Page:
Before going through these, we suggest you first go back to the chapter on the nomenclature of the left ventricular walls in case you feel not sure about it.

Myocardial infarction in the left coronary artery

The left coronary artery begins with a relatively short but very important section, the so-called left main artery. It then divides into two large branches: the left anterior descending artery (or LAD) and the circumflex artery (or LCX).


The LAD supplies the anterior wall of the left ventricle, while its septal branches supply the septum. The diagonal branches extend to the lateral wall. The more proximal the LAD stenosis or occlusion, the greater the area of the infarction. In a proximal occlusion of the LAD, the diagonal and septal branches are also affected.

The result is a large anterior infarction, with ECG signs of ischemia in all chest leads from V1 to V6.

The supra apical area of the anterior wall, or simply the tip of the heart, is supplied by distal branches of the LAD.

In a supra-apical infarction, ECG signs of ischemia are typically found in leads V1 to V3.

If the anterior septum is affected without the lateral wall, ECG changes typically occur in V2 and V3, or, if the infarction area is large, even in V1 to V4.

If stenosis occurs in a large diagonal branch with an otherwise open LAD, an infarction of the antero-lateral wall occurs. In this case, ECG signs of ischemia are usually seen in leads I and aVL.


The left circumflex artery also supplies both the antero-lateral and postero-lateral sections of the lateral wall.

Depending on whether the LAD or the LCX is dominant, an infarction of the lateral wall can be caused by stenosis in a large diagonal branch of the LAD or in a marginal branch of the LCX.

Here, too, we usually find ECG changes in leads I and aVL.

As explained earlier, the posterior wall of the left ventricle is not assessed in a conventional 12-lead ECG. Although indirect signs of infarction, namely ST depression, can occur in V1 and V2 in patients with a posterior infarction, we still need "additional cameras" for an exact diagnosis. Thus, in the case of a suspected posterior infarction, leads V7 to V9 are recorded as a continuation of the regular chest leads. It is important to note that in leads V7-9, ST elevations above 0.05 millivolts are considered clinically relevant.

In men aged younger than forty, elevations of 0.1 millivolts or above are considered significant.

Myocardial infarction in the right coronary artery

The inferior wall is supplied by the right coronary artery (RCA), and is represented on the ECG by leads II, III and aVF. ST elevations in these leads are therefore usually associated with deficits in the distribution area of the RCA.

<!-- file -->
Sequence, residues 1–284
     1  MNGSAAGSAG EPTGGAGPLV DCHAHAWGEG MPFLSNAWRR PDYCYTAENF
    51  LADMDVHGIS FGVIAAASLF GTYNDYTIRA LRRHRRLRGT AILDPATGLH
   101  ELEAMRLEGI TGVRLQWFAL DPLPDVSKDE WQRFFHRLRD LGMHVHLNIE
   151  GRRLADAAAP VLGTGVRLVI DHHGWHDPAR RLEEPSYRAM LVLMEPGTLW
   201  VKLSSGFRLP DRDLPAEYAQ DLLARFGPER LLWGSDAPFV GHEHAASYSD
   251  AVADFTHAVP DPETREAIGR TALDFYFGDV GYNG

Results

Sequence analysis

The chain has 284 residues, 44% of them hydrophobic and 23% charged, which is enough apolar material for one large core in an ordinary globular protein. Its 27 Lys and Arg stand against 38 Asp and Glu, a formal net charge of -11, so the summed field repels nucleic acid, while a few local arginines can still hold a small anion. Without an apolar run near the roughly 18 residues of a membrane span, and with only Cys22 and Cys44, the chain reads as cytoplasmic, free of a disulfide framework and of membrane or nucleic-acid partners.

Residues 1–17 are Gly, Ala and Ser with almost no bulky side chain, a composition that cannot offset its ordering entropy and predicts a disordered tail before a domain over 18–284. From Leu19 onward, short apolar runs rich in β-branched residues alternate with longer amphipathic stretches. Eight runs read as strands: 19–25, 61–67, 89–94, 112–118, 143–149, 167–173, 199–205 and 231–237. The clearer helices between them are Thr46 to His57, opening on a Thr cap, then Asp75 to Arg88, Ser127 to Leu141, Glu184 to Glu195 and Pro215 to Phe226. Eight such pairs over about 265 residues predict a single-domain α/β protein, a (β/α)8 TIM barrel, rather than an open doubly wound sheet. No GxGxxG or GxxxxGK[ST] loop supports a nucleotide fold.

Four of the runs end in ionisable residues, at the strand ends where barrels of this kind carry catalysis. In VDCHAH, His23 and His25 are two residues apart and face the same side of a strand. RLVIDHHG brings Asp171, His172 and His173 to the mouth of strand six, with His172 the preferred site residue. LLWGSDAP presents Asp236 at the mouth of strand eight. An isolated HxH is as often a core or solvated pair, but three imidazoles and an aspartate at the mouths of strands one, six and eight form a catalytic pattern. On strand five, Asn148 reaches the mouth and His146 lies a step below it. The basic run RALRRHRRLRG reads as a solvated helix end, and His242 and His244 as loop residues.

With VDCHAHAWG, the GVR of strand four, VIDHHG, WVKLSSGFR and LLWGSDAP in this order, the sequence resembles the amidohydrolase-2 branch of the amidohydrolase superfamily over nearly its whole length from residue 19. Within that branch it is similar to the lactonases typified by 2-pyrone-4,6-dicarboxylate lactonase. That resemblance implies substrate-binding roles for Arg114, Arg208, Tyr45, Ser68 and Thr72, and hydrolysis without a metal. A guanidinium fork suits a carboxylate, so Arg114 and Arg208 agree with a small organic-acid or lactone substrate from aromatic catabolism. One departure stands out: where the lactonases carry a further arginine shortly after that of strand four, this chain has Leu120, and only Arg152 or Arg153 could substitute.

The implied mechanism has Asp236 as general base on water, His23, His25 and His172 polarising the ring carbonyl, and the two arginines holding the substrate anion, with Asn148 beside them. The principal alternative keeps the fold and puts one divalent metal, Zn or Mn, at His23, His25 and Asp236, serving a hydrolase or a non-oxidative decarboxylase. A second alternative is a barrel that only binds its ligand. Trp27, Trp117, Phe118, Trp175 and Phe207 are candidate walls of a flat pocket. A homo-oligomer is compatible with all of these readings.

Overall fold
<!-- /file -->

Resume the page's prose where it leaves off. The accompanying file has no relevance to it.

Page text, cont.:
In the event of an inferior infarction, involvement of the right ventricle must always be considered. In this case, an additional ECG recording should be made, using chest leads around the free wall of the right ventricle. These additional leads are called the "right precordial leads" V3R and V4R. Here, an ST elevation of 0.05 mV or above is relevant due to the low mass of the right ventricular myocardium. In men under the age of 30 years, it must be at least 0.1 mV.

In 90% of patients, the RCA supplies the AV node as well as important other sections of the conductive system. Therefore, in RCA infarctions in particular, bradycardiac arrhythmias as well as ventricular fibrillation are a frequent occurrence. Remember that these severe and life threatening arrhythmias can occur in the acute phase of ischemia or in the hours following revascularization. These so-called reperfusion arrhythmias can happen in all myocardial infarctions, not just in RCA infarctions.

It goes without saying that these patients have to be monitored continuously, and you have to be prepared for the worst.

Left main occlusion (LMCA myocardial infarction)

In the case of an occlusion of the left main artery, the oxygen supply in the area of both the LAD and the LCX is disrupted. Due to the size of the affected myocardial area, the prognosis is very poor. Patients with main stem myocardial infarction usually develop cardiogenic shock shortly after the cardiac insult.

Revascularisation of the affected vessels must be carried out immediately. Even if everything appears to be going well, a left main infarction is often lethal.

The following ECG criteria are suggestive of a problem in the distribution area of the left main artery:

- ST elevation in aVR, if it is at least 0.1mV and higher than an elevation in V1 if present.

- The amplitudes of ST elevations and ST depressions in all 12 leads are added to a total sum. The sum of all these ST segment alterations in all 12 leads is more than 18mm.

- Presence of indirect infarction signs in II, III, and v3 to v5

Unfortunately, it is not so easy to pick out these signs on a quick  inspection of the ECG tracing. And, of course, they don’t have a perfect specificity.

We therefore suggest the following practical rule of thumb:

If you find ST elevations or depressions in almost all leads of a 12-lead ECG, or significant depressions in at least 8 leads, you must consider the possibility of a lesion in the territory of the left main artery!